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Mario Molina Parents: His Family, Education, Achievements, And More



Mario Molina Parents His Family, Education, Achievements, And More

Mario Molina, a native of Mexica, worked as a chemist. He was awarded the Nobel Prize in Chemistry in recognition of his work in environmental chemistry.

Molina has held positions as a professor or researcher at the University of California, Irvine, the California Institute of Technology, the Massachusetts Institute of Technology, the University of California, San Diego, and the Center for Atmospheric Sciences at the Scripps Institution of Oceanography.

In addition, he has worked in the private sector. Molina was also in charge of the Mario Molina Center for Energy and the Environment, which was located in Mexico City.

To Mexican President Enrique Peña Nieto, Molina provided assistance on climate policy. On October 7th, 2020, the National Autonomous University of Mexico released a statement stating that Molina had passed away due to a heart attack.

Mario Molina Parents And Family

Mexico City was the location of his birth when he was welcomed into the world by his parents, Roberto Molina Pasquel and Leonor Henriquez.

In addition to being a lawyer, his father served as an ambassador to the countries of Ethiopia, Australia, and the Philippines.

Mario Molina Parents And Family

His mother managed the family’s finances. Mario Molina, whose passions in life were significantly different from those of his parents, is credited with making a seminal discovery in the field of environmental science.

Molina’s aunt Esther, a chemist, encouraged his interest in the scientific world by assisting him with the experiments he performed in a makeshift laboratory he built up in the family bathroom.

In 1973, Mario Molina tied the knot with his first wife, Luisa Tan. Felipe Molina Tan is the couple’s only child. Sadly, they eventually split up.

At the moment, Mario Molina is happily married to his second wife, Guadalupe Alvarez. In 2006, they tied the knot.

Mario Molina Education

Molina’s interest in the scientific world began at a young age. The bulk of Mario Molina’s formal education was completed in Mexico City, which is also where he spent most of his childhood and adolescence.

But, when he was a young teenager, his parents chose to send him to a boarding school in Switzerland rather than a public school so that he could study German and strengthen his scientific ability.

When Mario Molina arrived at the National Autonomous University of Mexico in 1965, he was a young adult and had just turned 18.

After finishing his undergraduate degree in 1968, he moved to the United States in order to continue his education at the University of California, Berkeley, where he earned a doctoral degree.

George Pimentel and Mario Molina worked together on a project while Mario Molina was a student at this institution. In addition to that, he has experience in the field of physical chemistry. In 1972, he graduated with a diploma from this institution.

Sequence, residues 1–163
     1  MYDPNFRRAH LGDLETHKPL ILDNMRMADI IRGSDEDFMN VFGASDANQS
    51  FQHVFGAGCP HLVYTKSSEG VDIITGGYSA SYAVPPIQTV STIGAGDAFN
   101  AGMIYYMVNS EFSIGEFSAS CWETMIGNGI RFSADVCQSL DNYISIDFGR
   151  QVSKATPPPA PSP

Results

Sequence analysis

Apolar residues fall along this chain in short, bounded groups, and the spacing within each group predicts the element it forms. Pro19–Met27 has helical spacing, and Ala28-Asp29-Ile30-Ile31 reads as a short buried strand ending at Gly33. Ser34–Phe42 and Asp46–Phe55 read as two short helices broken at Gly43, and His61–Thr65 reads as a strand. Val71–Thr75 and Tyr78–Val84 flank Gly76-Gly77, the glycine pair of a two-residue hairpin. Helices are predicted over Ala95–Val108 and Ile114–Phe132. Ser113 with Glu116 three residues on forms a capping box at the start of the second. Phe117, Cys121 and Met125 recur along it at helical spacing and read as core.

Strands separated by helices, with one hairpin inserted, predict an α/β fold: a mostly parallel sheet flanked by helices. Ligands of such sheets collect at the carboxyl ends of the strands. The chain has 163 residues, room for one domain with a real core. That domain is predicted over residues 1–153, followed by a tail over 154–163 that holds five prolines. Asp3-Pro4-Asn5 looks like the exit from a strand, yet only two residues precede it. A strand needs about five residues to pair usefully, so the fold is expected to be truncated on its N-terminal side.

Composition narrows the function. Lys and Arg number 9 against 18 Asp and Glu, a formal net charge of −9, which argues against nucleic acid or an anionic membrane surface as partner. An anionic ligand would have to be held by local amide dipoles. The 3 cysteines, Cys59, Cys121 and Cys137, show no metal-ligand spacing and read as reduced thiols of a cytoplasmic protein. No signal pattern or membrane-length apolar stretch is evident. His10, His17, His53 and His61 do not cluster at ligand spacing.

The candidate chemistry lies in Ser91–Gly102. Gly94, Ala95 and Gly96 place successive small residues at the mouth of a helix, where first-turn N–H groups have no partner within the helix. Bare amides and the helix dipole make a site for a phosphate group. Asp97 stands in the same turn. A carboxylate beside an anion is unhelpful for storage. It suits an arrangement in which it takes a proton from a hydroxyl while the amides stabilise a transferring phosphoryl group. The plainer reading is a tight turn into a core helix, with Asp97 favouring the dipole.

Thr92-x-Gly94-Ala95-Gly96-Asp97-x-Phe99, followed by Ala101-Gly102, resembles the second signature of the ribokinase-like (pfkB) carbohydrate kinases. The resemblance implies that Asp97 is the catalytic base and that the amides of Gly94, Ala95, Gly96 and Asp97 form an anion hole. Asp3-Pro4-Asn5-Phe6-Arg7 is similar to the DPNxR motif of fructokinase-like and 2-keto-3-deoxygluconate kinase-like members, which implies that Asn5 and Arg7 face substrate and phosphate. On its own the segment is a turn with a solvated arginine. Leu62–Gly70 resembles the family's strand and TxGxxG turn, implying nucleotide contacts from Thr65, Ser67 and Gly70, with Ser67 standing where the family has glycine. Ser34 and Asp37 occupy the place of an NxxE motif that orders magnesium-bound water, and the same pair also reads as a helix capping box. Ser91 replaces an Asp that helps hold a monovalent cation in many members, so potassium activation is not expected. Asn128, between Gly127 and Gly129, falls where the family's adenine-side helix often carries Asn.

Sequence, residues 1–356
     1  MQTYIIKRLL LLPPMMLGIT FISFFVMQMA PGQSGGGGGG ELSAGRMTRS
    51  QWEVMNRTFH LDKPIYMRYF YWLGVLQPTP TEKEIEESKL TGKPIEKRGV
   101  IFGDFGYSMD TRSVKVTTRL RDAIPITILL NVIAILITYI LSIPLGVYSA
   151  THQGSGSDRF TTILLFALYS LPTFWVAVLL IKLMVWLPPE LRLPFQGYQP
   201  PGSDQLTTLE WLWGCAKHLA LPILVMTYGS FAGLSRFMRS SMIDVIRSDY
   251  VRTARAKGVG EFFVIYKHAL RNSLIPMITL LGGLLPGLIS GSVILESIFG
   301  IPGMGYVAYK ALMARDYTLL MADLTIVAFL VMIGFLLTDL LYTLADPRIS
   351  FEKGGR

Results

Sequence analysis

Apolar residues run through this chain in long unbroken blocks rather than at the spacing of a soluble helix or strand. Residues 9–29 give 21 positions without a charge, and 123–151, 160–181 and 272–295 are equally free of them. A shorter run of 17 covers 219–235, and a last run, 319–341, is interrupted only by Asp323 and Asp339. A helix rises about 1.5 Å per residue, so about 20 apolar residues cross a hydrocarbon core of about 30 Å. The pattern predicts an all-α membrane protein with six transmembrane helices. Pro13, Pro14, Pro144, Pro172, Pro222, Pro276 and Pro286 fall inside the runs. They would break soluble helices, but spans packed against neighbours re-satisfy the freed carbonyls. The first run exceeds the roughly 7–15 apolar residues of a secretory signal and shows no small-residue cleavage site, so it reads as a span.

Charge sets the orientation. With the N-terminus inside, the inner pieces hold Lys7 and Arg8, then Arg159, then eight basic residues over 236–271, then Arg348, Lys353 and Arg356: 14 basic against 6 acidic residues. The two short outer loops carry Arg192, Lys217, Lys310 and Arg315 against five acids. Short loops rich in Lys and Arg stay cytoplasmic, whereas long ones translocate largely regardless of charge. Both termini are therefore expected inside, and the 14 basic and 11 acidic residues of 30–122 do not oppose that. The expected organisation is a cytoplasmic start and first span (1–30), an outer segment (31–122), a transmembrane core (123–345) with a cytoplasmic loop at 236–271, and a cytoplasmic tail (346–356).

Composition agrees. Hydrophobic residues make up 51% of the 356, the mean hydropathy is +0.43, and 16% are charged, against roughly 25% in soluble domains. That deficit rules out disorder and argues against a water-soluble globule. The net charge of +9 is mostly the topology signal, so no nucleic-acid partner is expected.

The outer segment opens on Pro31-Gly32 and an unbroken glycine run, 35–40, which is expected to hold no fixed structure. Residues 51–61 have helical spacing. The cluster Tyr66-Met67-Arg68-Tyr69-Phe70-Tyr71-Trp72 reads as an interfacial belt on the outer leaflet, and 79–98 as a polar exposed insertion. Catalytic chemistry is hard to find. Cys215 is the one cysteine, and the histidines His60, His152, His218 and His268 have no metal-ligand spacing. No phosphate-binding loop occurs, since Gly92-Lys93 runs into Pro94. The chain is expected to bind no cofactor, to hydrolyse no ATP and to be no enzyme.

Life In Atmospheric Chemistry And Chlorofluorocarbons

In 1973, he decided to pursue his education once again and enrolled at the University of California, Irvine. One of his research specializations, while he was a student at this institution, was in the field of atmospheric chemistry and chlorofluorocarbons (CFCs).

Sherry Rowland, who was also a researcher at the company, worked together with Mario Molina on a project. The CFC-Ozone Depletion Theory was developed as a result of the collaborative efforts of the two of them.

This theory proposes that the depletion of the ozone layer on Earth was brought on in part by the production of CFCs and other manmade compounds.

After hypothesizing this, the two people began looking into different ways that CFCs could be removed from the air before they caused any harm to the ozone layer.

After some time, in order to disseminate their findings to other researchers in the field, the two subsequently produced and distributed a pair of scholarly articles on the topic.

The Nobel Prize in Chemistry was awarded to him in 1995 in recognition of his contributions to the identification of chlorofluorocarbon (CFC) chemicals as a threat to the Earth’s ozone layer.

This led to the discovery of the Antarctic ozone hole. He was the first person of Mexican origin to receive the Nobel Prize in Chemistry and the third person of Mexican heritage to win a Nobel Prize overall.

Mario Molina Achievements

Molina’s contributions to the field of chemistry as well as his research into the ozone layer and the atmosphere of the earth have garnered him praise. You can find listed below some of the highest honors that have been bestowed upon him.

Awarded the Nobel Prize in Chemistry in 1989, the NASA Medal for Outstanding Scientific Progress in 1989, the American Chemical Society’s Willard Gibbs Award in 1998, and the Presidential Medal of Freedom in 2013. This 1987 Esselen Prize from the American Chemical Society recognizes Awarded the Nobel Prize in Chemistry in 1989, the NASA Medal for Outstanding Scientific Progress in 1989, and the American Chemical Society’s Willard Gibbs Award in 1998.

Related: Mario Molina Net Worth: How Rich Was The Mexican Nobel Laureate?

Mario Molina is a member of a number of prestigious scientific organizations, including the National Academy of Sciences of the United States, the Mexican Academy of Science, and the American Association for the Advancement of Science.

Mario Molina has been awarded honorary degrees from over a dozen different educational institutions, some of which include Yale, Harvard, the National University of Mexico, Trinity College, the University of British Columbia, and the Complutense of Madrid.

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